Feb 26, 2014Movement & Exercise Wellness Tips AMC Team263 views
Stay active – Intermittent short-term low-back pain can actually be better with gentle movement and limited bed rest. Mike Flippin, MD, an orthopaedic surgeon who specializes in back and spine care at San Diego Medical Center states “I encourage my patients to get moving as quickly as possible.”
Low level activity can often be the best medicine for back pain. Gentle walking or stretching can be beneficial by encouraging blood flow to the area and speeding up the healing process.
The pain may have be caused by overstraining at the gym or simply by bending to pick up a piece of paper. The reality is, underlying the acute pain being experienced is a chronic problem. Poor posture can put additional strain on already tired muscles and ligaments and it is worth observing your posture during normal daily tasks like brushing your teeth or driving the car. Alternatively, ask a friend to note your posture and then make adjustments. Your muscles will thank you.
Most people with chronic back pain would benefit from stronger abdominal and core muscles. Start training today.
Most people do a type of exercise that is easy. For example people who lift weights, generally have a body type that makes this easy for them. Ask those people to attend a yoga class and you will get a funny look as flexibility is usually not their strength. We all need to develop skills we are not proficient in. Flexibility is just another one of those skills. As we age we also become less flexible and it is important to keep our muscles supple and moving, otherwise putting on shoes may become difficult later in life.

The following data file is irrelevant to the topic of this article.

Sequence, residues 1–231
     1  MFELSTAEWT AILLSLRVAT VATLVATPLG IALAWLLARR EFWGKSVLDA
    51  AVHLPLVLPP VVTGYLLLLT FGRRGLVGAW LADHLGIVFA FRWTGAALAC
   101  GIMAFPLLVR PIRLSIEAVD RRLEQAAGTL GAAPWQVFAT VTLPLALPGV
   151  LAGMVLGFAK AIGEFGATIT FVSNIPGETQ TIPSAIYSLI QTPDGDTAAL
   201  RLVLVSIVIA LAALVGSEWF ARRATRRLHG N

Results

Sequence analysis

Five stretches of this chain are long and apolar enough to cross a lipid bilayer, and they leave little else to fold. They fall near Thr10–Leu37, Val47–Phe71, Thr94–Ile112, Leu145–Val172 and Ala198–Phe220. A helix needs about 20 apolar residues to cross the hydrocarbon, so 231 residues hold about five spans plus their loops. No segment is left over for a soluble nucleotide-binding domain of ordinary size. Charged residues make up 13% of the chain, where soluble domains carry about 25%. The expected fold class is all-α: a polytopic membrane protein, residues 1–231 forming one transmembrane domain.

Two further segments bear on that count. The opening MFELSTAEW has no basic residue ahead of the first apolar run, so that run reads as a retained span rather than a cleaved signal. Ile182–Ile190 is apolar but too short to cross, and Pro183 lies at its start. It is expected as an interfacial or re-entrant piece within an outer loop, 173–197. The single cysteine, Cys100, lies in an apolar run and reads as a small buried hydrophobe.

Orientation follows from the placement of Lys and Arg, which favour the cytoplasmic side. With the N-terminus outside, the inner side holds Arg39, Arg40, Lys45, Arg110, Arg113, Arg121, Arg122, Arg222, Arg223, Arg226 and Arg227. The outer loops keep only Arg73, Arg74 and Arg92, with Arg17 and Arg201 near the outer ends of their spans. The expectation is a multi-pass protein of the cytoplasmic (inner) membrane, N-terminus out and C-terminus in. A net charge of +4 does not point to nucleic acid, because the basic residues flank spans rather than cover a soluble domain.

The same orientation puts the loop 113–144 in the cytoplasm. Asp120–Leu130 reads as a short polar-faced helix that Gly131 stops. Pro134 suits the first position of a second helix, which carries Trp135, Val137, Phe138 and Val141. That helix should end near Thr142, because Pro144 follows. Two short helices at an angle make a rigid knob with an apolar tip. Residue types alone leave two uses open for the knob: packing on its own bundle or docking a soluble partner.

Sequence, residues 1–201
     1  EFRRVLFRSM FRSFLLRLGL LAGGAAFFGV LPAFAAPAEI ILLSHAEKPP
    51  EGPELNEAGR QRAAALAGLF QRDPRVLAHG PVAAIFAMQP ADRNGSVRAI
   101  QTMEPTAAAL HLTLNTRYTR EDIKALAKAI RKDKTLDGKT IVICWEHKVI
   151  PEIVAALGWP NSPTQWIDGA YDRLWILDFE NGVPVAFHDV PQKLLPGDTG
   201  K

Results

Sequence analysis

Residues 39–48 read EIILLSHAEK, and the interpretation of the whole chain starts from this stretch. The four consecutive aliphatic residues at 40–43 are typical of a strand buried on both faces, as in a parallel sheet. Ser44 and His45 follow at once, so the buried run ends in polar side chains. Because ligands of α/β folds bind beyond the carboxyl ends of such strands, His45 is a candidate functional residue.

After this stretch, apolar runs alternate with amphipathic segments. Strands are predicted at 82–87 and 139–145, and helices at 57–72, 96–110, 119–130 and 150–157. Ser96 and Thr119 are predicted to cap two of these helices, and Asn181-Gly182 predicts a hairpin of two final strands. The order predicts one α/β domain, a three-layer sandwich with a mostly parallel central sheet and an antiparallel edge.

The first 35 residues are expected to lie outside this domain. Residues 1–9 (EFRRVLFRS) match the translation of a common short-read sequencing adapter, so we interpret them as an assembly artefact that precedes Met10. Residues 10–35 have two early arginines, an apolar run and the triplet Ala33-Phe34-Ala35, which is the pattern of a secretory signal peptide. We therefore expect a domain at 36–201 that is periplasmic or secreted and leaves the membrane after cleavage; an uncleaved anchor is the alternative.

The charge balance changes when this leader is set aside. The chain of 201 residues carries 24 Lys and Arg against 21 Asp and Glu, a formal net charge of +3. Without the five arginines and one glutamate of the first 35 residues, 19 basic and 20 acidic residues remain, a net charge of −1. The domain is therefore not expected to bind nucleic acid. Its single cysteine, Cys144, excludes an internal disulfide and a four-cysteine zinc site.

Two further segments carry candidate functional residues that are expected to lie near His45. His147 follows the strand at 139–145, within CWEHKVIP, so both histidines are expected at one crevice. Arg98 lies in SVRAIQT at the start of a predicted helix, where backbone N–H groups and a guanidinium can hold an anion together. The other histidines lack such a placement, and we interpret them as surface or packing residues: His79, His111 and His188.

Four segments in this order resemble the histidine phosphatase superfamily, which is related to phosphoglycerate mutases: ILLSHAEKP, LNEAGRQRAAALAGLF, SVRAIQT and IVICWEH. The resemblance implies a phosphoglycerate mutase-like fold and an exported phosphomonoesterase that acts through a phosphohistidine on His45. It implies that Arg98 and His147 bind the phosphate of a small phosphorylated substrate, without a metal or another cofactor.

Heating pads and cold packs can comfort tender areas. Most doctors will recommend using ice for the first 48 hours after an injury. Intervals of 10 minutes application alternating with 10 minutes of no ice for 3 rounds, is a good starting point. This is particularly effective if swelling is involved. After 48 hours heat may be applied.
Getting the right amount of rest is important. Most healing happens during sleep and if you are in discomfort or have poor posture during sleep this may delay some healing.
Use a pillow under your knees
Place a pillow between your knees to ensure your pelvis is in alignment and the spine is in a neutral position.
This causes undue stress on the neck and head, learn to sleep on your back or side.
Lighting up doesn’t just damage your lungs, it can also hurt your back.
A study recently published in the American Journal of Medicine found that current and former smokers are more likely to have back pain when compared with people who have never smoked.
Research shows that practices such as meditation, deep breathing, tai chi and yoga, which help put the mind at rest, can do wonders for the back.
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